Connecting state and local government leaders

These Jobs Are Most Susceptible to Automation

Construction supervisors are among those least at risk of losing their jobs to automation.

Construction supervisors are among those least at risk of losing their jobs to automation. Shutterstock

 

Connecting state and local government leaders

A new report from the National League of Cities ranks 60 occupations in terms of whether they are vulnerable to being automated, suggesting ways city leaders can work with their residents to prepare.

Restaurant workers, including cooks, waitstaff and fast-food servers, are among those most at risk of seeing their jobs overtaken by automation, according to a new report from the National League of Cities.

In some of those instances, automation doesn't require new technology.

“While the category of waiters and waitresses has a high degree of automatability, the traditional function of the job itself requires a person,” says the report, titled Assessing the Future of Our Work: Automation and the Role of Cities. Instead, automation could reshape the dining environment itself. “This vulnerability would likely be reflected in a shift toward kiosk ordering and fast-casual dining establishments.”

A shift to a different kind of restaurant service is already a reality in some places, including San Francisco, where many restaurants are operating without waitstaff thanks to skyrocketing housing prices that have pushed low-wage workers out of the city.

The report, released this week, ranks 60 occupations in terms of their likelihood of being automated, from low to high. The research aims to help city leaders recognize trends in their communities and formulate plans for the future, including expanding educational opportunities for residents and considering ways to attract new and stable industries.

“Despite the misconception that automation poses a threat only to those in certain types of occupations, there is potential for displacement in every industry and sector, and at every skill level,” the report says. “This is why incentive structures should shift from mere placement to economic mobility, competitive wages, and long-term stability.”

In addition to food-service workers, jobs considered most vulnerable to automation include landscapers and groundskeeping crews, accountants, auditors, carpenters and receptionists. The report also concludes that personal care aides are at high risk, despite being one of the fastest-growing occupations in the country, projected to add 777,700 jobs to the domestic labor market before 2026.

Jobs rated as having a medium possibility of being automated include janitors and cleaners (but not maids or housekeepers), elementary school teachers, teaching assistants, dental assistants and plumbers. That group also includes market research analysts and some truck and delivery drivers, which research has suggested are “fully automatable” jobs.

Jobs that are the least vulnerable include office and construction supervisors, electricians, nurse practitioners and heavy tractor-trailer truck drivers. Generally, people in management positions are the least susceptible to automation, the report says, as those jobs “exhibit many of the soft and analytical skills that are critical for future work.”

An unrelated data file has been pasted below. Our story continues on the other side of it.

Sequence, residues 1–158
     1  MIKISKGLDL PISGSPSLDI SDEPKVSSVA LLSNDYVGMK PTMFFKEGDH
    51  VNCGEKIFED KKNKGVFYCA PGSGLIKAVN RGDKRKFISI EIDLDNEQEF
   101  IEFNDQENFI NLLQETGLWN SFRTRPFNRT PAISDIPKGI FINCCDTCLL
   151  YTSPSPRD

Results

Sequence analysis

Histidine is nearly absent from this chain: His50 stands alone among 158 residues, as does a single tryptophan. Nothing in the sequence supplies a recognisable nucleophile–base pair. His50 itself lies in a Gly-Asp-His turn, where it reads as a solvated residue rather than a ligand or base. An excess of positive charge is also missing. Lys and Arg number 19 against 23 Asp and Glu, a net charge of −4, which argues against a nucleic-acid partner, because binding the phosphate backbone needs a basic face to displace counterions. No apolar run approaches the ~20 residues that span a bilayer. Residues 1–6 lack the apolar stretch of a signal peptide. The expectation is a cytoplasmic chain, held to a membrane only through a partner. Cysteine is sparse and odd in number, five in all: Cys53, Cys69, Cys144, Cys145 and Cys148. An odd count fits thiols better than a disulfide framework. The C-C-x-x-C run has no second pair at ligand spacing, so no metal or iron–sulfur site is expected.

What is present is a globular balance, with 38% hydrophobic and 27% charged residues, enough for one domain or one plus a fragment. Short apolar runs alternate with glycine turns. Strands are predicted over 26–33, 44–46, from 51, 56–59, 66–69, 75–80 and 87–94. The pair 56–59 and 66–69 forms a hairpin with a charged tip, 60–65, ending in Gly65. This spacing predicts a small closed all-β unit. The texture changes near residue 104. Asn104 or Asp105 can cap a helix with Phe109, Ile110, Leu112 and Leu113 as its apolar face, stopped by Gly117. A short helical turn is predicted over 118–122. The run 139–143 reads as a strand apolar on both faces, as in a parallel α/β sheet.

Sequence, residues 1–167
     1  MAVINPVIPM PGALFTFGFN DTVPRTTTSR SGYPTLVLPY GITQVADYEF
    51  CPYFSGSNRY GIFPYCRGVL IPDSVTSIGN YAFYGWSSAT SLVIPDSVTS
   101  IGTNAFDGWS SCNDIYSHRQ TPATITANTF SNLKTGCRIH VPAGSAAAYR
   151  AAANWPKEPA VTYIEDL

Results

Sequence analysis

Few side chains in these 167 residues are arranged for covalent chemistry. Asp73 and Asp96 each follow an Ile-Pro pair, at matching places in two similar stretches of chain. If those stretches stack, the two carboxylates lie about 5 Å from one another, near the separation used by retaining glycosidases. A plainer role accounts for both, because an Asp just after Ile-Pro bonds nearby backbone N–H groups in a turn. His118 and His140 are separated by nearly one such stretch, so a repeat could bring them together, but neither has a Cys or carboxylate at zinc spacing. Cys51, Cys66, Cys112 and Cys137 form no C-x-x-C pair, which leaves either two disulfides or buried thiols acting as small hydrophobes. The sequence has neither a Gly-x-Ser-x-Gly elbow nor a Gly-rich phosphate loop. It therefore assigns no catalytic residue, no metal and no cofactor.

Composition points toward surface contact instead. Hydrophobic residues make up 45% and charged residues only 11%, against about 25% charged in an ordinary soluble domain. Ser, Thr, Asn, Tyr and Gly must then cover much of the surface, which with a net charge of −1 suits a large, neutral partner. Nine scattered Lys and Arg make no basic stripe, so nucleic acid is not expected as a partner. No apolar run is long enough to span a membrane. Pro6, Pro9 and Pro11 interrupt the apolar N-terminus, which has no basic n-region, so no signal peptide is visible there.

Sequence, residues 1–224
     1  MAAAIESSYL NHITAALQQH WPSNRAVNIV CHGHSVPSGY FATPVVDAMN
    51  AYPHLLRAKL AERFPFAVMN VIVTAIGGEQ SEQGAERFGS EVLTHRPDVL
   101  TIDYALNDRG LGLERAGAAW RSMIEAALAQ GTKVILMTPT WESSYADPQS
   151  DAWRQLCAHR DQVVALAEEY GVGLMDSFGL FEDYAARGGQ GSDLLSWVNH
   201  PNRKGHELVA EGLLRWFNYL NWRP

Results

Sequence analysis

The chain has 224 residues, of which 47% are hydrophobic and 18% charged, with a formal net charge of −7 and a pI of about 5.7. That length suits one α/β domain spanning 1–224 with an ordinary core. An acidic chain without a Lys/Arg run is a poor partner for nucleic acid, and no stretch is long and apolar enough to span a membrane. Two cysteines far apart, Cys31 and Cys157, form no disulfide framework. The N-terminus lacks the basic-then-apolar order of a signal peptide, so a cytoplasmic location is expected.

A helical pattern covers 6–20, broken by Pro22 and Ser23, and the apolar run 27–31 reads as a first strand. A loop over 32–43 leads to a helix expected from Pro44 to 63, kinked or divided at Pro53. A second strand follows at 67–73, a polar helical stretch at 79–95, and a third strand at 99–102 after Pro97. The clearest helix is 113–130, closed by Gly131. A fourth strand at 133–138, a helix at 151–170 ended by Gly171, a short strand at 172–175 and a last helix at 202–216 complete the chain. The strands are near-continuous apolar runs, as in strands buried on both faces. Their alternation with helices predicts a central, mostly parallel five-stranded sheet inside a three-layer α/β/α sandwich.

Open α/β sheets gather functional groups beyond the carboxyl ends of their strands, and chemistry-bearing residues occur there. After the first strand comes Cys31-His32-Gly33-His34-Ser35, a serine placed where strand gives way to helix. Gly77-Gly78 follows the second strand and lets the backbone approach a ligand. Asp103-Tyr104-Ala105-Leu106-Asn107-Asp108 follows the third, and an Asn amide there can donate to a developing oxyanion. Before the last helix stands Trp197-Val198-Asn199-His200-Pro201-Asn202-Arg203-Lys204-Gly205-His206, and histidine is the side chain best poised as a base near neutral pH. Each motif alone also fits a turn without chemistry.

Several jobs were also identified as not being susceptible to automation. Those include nurses, nursing assistants and post-secondary health educators.

The report also addressed the effects of automation on cities, noting that municipalities are least at risk if they “have strong connections to education, tend to leverage more federal funds, and invest in a diverse mix of occupations.” Economies in those cities tend to be well diversified, “meaning they are less vulnerable when one industry changes or decelerates.”

To prepare for automation, the report advises cities to plan ahead—taking stock of federal programs that can help and “enhancing the ability for individuals to get work experience and exposure to technical jobs,” which may be less at risk.

“The most critical and immediate challenge for cities will be confronting the problem of inequality not just from within workforce programs, but also at the social safety net level and/or through social protections as a whole,” it says. “Success can no longer be tied to a job placement.”

Suggestions for cities include revising business development programs to consider equity, promoting investments in low-income neighborhoods and helping bridge the gap between the demands of local industries and the skillsets of residents. That could include revising education and workforce training programs.

"As cities prepare for the future of work, they must work with business leaders, educational institutions and community-based organizations to ensure that workforce needs are fulfilled by regional training and educational programs," the report advises.

Kate Elizabeth Queram is a Staff Correspondent for Government Executive’s Route Fifty and is based in Washington, D.C.

NEXT STORY: Trump's Postal Privatization Plan Met With Bipartisan Rebuke in Congress